Time to tackle tomorrow’s issues

When we started the House of Commons select committee Inquiry into the
Health and Safety Executive, the first impression of the organisation was one
of success.

Both fatal accidents and accidents in general are falling in the UK. And
whether this is due to the changing nature of UK industry – with the decline in
heavy industry – or the HSE doing a good job, one thing is clear – we are doing
much better than the rest of Europe.

But the committee report does highlight the difficulties of addressing
occupational health problems within the mainstream health service. It says that
incidence is likely to increase and it is concerned that the HSE’s strategy and
associated targets may not be ambitious enough. It recommends that the
Government and the HSE develop the idea of an occupational health advisory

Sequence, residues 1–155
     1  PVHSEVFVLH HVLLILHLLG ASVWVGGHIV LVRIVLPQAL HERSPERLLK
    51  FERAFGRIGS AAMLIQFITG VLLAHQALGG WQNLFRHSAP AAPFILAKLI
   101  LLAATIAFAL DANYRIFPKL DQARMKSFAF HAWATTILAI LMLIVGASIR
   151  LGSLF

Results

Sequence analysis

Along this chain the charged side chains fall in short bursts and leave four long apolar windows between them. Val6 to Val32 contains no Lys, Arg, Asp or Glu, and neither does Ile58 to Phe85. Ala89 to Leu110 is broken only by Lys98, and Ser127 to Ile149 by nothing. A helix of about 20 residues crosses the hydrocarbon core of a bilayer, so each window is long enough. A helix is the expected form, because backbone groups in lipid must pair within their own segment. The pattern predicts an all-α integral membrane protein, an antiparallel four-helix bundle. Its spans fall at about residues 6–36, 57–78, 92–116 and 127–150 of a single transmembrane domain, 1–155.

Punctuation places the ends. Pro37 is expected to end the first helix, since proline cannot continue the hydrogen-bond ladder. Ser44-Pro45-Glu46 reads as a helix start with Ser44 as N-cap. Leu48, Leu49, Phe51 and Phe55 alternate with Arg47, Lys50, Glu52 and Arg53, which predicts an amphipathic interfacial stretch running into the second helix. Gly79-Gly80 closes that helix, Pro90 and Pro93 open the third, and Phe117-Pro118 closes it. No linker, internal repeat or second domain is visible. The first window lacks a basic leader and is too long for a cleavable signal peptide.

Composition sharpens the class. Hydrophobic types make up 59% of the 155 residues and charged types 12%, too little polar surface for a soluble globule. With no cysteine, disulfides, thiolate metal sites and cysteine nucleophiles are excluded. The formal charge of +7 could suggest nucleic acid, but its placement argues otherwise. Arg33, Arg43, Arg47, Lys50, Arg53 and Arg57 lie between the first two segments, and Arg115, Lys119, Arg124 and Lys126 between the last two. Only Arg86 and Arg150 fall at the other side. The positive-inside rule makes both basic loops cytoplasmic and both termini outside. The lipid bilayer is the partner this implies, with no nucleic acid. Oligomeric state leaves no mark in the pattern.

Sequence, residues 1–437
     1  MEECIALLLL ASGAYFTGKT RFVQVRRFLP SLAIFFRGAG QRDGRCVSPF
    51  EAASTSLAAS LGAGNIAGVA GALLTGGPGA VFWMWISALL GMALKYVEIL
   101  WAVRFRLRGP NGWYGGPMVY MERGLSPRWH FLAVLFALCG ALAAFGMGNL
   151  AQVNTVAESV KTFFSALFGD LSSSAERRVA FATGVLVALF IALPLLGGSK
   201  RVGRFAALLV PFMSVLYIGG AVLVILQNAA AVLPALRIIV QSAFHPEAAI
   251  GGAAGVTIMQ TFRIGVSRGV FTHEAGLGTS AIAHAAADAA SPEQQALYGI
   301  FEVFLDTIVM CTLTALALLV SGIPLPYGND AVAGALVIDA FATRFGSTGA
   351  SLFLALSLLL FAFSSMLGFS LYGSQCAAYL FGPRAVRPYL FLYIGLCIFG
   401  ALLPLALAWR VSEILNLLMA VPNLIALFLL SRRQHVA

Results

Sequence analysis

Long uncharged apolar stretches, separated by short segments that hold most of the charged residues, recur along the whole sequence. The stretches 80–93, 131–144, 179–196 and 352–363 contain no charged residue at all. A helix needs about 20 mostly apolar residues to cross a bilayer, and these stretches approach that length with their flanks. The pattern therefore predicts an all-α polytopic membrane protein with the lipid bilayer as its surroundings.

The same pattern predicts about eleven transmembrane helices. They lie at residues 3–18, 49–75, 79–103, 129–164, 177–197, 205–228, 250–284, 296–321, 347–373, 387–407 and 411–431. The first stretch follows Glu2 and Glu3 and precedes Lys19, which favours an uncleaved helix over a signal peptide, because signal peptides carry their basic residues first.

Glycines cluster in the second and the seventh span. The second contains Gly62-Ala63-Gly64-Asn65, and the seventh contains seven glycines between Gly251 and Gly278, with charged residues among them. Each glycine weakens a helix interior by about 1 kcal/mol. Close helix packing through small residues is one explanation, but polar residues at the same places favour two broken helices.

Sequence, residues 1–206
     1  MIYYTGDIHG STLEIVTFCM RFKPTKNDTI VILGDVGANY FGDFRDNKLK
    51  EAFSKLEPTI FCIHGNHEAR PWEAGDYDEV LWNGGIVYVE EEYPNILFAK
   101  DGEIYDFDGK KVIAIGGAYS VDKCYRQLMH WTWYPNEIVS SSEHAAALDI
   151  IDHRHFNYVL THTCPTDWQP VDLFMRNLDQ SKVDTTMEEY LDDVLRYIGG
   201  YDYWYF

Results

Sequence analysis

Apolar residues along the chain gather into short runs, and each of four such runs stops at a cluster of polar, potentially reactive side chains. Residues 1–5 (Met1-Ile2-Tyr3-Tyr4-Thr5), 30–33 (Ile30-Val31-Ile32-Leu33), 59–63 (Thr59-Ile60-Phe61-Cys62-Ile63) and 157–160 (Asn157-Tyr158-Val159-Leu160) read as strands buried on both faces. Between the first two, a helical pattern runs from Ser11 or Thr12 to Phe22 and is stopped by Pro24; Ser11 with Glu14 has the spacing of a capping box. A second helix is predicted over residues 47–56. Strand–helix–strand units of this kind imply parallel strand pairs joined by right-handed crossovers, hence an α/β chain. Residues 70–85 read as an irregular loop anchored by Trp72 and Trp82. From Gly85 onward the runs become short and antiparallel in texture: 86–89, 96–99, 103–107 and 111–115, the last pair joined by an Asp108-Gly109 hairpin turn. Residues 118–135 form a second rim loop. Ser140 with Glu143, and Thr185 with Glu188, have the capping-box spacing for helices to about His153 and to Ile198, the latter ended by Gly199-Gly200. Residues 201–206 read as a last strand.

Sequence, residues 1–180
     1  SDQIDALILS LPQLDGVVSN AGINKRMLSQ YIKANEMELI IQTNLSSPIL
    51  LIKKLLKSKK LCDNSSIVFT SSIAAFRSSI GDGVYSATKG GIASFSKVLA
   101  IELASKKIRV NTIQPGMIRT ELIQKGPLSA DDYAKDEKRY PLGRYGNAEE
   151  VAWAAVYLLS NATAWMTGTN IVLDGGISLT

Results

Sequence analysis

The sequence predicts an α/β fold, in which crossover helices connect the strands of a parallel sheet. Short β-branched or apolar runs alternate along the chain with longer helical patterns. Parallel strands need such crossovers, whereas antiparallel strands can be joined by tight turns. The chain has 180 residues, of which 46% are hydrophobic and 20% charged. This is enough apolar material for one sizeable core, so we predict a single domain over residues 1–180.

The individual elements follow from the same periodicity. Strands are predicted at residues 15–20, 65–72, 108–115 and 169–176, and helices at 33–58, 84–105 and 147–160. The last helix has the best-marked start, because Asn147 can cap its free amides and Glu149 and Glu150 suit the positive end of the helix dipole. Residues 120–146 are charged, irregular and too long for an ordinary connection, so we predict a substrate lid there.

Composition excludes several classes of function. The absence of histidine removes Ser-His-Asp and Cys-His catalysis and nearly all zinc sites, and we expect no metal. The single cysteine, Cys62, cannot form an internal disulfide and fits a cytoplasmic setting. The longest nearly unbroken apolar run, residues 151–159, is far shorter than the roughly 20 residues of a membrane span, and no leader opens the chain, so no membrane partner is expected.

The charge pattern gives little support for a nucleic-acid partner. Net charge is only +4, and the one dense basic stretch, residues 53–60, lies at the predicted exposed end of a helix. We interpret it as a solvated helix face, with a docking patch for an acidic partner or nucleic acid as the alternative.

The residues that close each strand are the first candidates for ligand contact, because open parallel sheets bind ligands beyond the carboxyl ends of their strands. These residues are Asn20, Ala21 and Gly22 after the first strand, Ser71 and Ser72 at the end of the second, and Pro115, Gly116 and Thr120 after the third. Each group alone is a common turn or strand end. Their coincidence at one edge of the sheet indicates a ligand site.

network based around primary care groups.

The committee was also concerned, however, about the number of small firms
being fined or prosecuted by health and safety inspectors. And this threw up
two other issues.

The first was whether the HSE had adapted to changes in the workplace? In
the past, heavy industry needed regulating to avoid accidents. Today, with far
more people working in offices, with monitors and keyboards, such accidents are
much rarer.

In these conditions health is more often damaged slowly. The problems are
more likely to be stress, repetitive strain injury, damaged eyesight, allergies
to photocopiers, and so on.

The second concern is how far the tripartite system of the TUC, CBI and
Governance, are the relevant bodies to dominate the Health and Safety

The argument is that many small firms are not in the CBI, and a large number
of staff are not in unions. Representing small firms and non-union employees is
virtually impossible, however, so the committee concluded it was up to those
who are unrepresented to join the CBI, or a union.

Getting to grips with such issues is the real challenge for the HSE over the
next few years. I won’t say that dealing with yesterday’s problems is easy, but
it is much easier than dealing with tomorrow’s problems.

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